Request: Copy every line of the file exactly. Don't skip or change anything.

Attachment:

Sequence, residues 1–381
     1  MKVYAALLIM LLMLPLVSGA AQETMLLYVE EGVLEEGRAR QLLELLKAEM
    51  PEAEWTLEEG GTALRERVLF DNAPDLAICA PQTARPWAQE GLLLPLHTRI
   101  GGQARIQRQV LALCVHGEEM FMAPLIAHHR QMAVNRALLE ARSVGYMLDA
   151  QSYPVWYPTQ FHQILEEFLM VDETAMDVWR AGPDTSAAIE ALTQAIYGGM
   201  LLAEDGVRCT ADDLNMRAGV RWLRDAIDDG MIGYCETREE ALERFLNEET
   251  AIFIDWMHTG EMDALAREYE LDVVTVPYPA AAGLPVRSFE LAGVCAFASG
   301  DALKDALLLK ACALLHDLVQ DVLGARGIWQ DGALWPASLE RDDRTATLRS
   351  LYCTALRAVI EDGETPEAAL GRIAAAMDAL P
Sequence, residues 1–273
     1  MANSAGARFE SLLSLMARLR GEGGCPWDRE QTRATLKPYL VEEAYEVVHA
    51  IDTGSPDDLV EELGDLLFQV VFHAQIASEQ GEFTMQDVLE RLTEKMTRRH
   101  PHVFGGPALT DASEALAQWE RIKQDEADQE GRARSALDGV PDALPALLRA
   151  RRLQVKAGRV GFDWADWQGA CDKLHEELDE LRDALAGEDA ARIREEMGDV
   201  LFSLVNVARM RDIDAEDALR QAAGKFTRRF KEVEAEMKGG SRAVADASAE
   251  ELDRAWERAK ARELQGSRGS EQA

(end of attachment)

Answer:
Sequence, residues 1–381
     1  MKVYAALLIM LLMLPLVSGA AQETMLLYVE EGVLEEGRAR QLLELLKAEM
    51  PEAEWTLEEG GTALRERVLF DNAPDLAICA PQTARPWAQE GLLLPLHTRI
   101  GGQARIQRQV LALCVHGEEM FMAPLIAHHR QMAVNRALLE ARSVGYMLDA
   151  QSYPVWYPTQ FHQILEEFLM VDETAMDVWR AGPDTSAAIE ALTQAIYGGM
   201  LLAEDGVRCT ADDLNMRAGV RWLRDAIDDG MIGYCETREE ALERFLNEET
   251  AIFIDWMHTG EMDALAREYE LDVVTVPYPA AAGLPVRSFE LAGVCAFASG
   301  DALKDALLLK ACALLHDLVQ DVLGARGIWQ DGALWPASLE RDDRTATLRS
   351  LYCTALRAVI EDGETPEAAL GRIAAAMDAL P
Sequence, residues 1–273
     1  MANSAGARFE SLLSLMARLR GEGGCPWDRE QTRATLKPYL VEEAYEVVHA
    51  IDTGSPDDLV EELGDLLFQV VFHAQIASEQ GEFTMQDVLE RLTEKMTRRH
   101  PHVFGGPALT DASEALAQWE RIKQDEADQE GRARSALDGV PDALPALLRA
   151  RRLQVKAGRV GFDWADWQGA CDKLHEELDE LRDALAGEDA ARIREEMGDV
   201  LFSLVNVARM RDIDAEDALR QAAGKFTRRF KEVEAEMKGG SRAVADASAE
   251  ELDRAWERAK ARELQGSRGS EQA